FDIC Settles RMBS Litigation for $190 Million with U.S. Financial Institutions

On May 26, 2016, the FDIC reached a $190 million settlement of RMBS claims against eight financial institutions, including Barclays Capital Inc.; Deutsche Bank Securities Inc.; Goldman, Sachs & Co; RBS Securities Inc.; and UBS Securities LLC. The settlement resolves six separate suits brought in 2011 and 2012 in California and Alabama alleging misrepresentations within the defendant underwriters’ RMBS offering documents.  The FDIC, as a receiver, will distribute the settlement funds among five failed bank receiverships.  FDIC Settlement Agreement.

Government Sues Allied Home Mortgage For Fraud Under the False Claims Act

On November 1, 2011, the United States filed suit in the Southern District of New York against Allied Home Mortgage, a mortgage lending company, for allegedly defrauding the government into insuring its now-defaulted loans. The complaint alleges that Allied and CEO Jim Hodge violated the False Claims Act (“FCA”) by making misrepresentations to the Department of Housing and Urban Development to ensure the company could continue originating mortgages insured by the Federal Housing Administration (“FHA”). The complaint alleges that Allied submitted loans to the FHA originated out of “shadow branches” it did not disclose to the government and then illegally routed those mortgages through HUD-certified mortgage branches to avoid detection by the government. The government also contends that Allied failed to implement sufficient quality control measures to ensure underwriting standards were being met. The government seeks a permanent injunction and treble damages. Complaint.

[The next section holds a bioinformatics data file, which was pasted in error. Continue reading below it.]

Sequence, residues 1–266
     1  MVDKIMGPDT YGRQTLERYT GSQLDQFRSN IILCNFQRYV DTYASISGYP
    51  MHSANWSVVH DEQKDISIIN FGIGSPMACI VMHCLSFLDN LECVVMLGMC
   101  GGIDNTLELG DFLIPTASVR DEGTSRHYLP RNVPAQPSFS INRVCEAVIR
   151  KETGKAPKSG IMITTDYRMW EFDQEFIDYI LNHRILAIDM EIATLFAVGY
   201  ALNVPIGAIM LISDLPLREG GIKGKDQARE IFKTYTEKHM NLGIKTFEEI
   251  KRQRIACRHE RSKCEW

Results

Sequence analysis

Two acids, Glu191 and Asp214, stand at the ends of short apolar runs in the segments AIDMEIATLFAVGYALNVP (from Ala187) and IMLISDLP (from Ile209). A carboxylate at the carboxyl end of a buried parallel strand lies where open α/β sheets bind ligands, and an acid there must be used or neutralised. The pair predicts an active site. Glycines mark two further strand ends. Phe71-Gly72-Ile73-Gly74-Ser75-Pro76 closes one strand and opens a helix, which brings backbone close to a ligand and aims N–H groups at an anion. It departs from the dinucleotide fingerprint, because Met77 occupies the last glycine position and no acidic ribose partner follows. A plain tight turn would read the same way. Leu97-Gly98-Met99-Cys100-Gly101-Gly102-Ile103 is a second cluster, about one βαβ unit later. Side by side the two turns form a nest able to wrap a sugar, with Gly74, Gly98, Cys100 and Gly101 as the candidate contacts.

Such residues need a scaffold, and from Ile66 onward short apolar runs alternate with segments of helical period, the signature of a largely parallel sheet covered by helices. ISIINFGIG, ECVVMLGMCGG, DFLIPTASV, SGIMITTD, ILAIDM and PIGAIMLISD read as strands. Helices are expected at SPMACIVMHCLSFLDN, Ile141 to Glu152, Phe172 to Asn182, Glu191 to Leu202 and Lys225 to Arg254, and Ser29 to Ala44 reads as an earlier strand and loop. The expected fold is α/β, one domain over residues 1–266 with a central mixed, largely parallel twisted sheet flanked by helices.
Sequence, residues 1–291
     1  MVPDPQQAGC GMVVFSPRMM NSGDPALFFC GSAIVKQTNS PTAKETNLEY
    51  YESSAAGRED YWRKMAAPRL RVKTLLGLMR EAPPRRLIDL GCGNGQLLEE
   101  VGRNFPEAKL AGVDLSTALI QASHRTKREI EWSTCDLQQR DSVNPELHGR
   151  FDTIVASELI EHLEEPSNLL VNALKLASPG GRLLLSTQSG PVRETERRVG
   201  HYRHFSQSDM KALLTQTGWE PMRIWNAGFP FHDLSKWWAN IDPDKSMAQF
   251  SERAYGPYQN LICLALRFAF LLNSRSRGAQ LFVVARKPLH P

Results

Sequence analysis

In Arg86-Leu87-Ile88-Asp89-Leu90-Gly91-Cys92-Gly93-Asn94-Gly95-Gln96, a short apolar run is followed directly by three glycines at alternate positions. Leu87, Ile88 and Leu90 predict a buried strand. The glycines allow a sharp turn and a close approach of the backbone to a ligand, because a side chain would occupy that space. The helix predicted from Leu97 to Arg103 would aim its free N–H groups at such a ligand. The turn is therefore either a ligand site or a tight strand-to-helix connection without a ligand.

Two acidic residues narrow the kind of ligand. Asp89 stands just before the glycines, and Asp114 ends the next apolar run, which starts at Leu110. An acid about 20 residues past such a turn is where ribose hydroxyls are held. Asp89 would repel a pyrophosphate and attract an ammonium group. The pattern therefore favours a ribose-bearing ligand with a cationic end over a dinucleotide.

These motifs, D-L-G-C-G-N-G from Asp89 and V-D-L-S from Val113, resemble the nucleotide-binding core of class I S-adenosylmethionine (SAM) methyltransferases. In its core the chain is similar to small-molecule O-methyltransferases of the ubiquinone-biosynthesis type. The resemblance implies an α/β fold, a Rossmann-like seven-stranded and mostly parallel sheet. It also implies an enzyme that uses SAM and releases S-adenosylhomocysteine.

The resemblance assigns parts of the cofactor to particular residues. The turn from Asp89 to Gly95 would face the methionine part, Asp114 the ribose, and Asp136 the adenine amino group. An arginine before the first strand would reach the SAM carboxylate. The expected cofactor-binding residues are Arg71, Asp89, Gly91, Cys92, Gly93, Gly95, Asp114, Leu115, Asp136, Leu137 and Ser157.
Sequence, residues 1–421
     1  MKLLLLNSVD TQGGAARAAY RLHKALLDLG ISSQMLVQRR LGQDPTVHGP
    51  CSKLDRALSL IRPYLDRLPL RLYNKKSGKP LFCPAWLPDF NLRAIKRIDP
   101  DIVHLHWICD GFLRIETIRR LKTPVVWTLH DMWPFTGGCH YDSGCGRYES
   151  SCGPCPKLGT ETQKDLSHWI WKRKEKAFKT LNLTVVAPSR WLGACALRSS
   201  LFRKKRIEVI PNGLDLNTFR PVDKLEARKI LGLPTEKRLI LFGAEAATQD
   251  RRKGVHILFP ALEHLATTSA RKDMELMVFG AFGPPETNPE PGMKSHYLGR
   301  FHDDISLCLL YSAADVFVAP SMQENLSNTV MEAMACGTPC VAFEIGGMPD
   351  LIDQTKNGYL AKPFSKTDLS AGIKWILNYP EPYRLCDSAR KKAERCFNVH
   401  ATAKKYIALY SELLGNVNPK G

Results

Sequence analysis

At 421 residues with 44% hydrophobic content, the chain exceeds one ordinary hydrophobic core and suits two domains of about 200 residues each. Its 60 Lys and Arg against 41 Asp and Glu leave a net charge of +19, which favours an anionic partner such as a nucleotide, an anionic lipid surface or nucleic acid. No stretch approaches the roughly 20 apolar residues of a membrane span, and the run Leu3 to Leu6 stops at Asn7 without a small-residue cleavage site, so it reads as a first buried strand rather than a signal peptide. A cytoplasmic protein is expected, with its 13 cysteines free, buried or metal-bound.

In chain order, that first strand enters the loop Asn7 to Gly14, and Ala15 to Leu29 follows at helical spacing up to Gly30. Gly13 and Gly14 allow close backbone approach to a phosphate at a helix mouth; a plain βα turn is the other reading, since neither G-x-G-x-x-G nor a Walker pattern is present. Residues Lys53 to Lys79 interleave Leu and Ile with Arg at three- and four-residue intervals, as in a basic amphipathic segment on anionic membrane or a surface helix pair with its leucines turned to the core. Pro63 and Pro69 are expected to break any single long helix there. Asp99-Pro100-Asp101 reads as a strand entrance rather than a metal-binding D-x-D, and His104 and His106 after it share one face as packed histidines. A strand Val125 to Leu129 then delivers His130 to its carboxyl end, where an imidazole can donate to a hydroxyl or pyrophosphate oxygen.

Federal Court Remands Charles Schwab RMBS Action to State Court

On February 23, 2011, the United States District Court for the Northern District of California remanded to state court an action by Charles Schwab Corporation against 27 defendants concerning alleged misrepresentations in connection with 37 different RMBS purchases across 36 different securitizations. Two defendants had argued that the federal court had jurisdiction over the case because the action “relates to bankruptcy” due to the fact that 262 of the underlying loans were originated by a bankrupt entity who would owe the defendants an indemnity for any misrepresentations on those loans. Without answering whether the indemnity claims at issue were enough to trigger “related to” jurisdiction, the court relied on its equitable power to return the case to state court because any connection to the bankruptcy case was “very, very remote.” Among other things, the court noted that the 262 loans constituted only 5.5% in one of the 36 securitizations at issue, and that the plaintiffs were not asserting any misrepresentations in connection with those particular loans. Order.